Question Framed from Editorial
- What are the key findings of the IPCC 6th assessment report which released it’s second edition Enumerate the concerns addressed in the report for India. (250 words)
TOPIC- THE HEAT IS ON.
Author: – Anjal Prakash
- The 3 major climate change hotspots are the Semi-arid and Arid regions, the Himalayan ecosystem
and Coastal zones.
- India has 7,500 km of coastline, which is Home to 33 crore people living within 150 km from the coast, including many essential
- One of the most sensitive to climate change, the Himalayan region, is home to 5 crore people covering 13 states and union territories
- Roughly a quarter of Indians now live in urban
- In the next 15 years, this figure is expected to reach 40%, covering 60 crore
- Cities in India will experience more heat stress, urban floods and other climate-induced hazards such as cyclones.
Challenges of Urbanization
- The primary driver of increased heat exposure is the combination of global warming and population growth in already-warm cities in
- The Urban Heat island also elevates temperatures within cities, which will be amplified during the heatwave
- This also implies heat-induced labour productivity loss, resulting in economic
- The unplanned urbanization in Himalayan towns is causing significant changes in land use and land cover.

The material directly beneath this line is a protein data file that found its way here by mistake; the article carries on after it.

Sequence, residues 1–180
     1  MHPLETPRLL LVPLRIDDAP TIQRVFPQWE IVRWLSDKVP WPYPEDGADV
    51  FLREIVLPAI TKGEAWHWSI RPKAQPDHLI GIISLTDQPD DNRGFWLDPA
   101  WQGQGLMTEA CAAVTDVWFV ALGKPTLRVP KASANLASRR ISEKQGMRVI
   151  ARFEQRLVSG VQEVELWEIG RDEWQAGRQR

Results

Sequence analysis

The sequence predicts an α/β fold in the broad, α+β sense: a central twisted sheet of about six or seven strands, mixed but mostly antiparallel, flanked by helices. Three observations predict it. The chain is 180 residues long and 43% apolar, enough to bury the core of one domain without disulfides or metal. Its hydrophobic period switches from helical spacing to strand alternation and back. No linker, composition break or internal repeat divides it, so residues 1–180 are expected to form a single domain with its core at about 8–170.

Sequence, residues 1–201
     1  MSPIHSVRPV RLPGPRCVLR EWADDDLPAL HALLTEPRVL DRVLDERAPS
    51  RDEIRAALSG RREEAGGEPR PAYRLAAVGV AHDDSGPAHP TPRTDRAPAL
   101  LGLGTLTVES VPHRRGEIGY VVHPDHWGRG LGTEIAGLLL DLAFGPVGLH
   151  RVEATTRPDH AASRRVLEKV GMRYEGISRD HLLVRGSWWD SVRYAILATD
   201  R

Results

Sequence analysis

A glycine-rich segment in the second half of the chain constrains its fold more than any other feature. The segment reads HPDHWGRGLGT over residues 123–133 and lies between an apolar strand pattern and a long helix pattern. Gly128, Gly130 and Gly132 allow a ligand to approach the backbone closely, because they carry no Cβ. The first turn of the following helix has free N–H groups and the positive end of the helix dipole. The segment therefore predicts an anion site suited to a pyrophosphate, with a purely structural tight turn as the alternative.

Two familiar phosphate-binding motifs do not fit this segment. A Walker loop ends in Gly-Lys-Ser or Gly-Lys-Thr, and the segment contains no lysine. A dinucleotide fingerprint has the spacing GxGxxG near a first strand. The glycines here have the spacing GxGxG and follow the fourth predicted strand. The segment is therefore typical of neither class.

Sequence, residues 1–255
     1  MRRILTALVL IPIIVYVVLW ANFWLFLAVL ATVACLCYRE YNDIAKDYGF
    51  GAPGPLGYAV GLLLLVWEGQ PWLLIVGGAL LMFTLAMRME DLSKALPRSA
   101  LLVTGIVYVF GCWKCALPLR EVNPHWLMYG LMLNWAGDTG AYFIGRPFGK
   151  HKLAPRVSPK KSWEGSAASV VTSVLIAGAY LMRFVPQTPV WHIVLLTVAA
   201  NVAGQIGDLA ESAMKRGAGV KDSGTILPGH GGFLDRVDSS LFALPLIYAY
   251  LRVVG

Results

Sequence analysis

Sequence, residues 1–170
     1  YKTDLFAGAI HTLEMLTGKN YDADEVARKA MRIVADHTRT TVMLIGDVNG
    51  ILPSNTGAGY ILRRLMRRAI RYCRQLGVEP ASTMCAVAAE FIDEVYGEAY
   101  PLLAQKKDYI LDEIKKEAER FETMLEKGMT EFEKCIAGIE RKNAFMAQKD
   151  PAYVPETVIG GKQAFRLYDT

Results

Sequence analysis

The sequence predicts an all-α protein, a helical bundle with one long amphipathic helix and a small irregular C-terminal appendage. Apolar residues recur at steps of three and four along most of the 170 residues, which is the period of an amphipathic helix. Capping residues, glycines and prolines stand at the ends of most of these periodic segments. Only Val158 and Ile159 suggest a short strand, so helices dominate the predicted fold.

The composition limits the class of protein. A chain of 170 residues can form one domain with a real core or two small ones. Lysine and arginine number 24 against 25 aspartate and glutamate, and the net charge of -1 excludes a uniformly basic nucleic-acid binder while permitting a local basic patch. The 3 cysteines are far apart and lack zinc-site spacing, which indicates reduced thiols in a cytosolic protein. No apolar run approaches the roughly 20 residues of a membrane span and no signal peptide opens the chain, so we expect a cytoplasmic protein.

- Due to this, heavy rains are becoming frequent and are leading to more
- Global warming has increased the average temperature in the
- This has caused glacier melt and subsequent change in hydrological regimes of the
- One of the contributing factors of glacial decline is the deposition of black
- This is contributed by stubble burning, brick kilns, polluting
- Water insecurity in hill towns is becoming the order of the
- Sea level rise and increases in tropical cyclone storm surge and rainfall variability leading to a rise in the intensity of rainfall.
- This will lead to larger probabilities of cities getting flooded.
- The report predicts that there is evidence that changes in high-intensity short duration (sub-daily) rainfall in urban areas will
- Places like Mumbai, Chennai, Kolkata, Visakhapatnam, Goa, the Andaman and Nicobar Islands are at a greater risk of being flooded.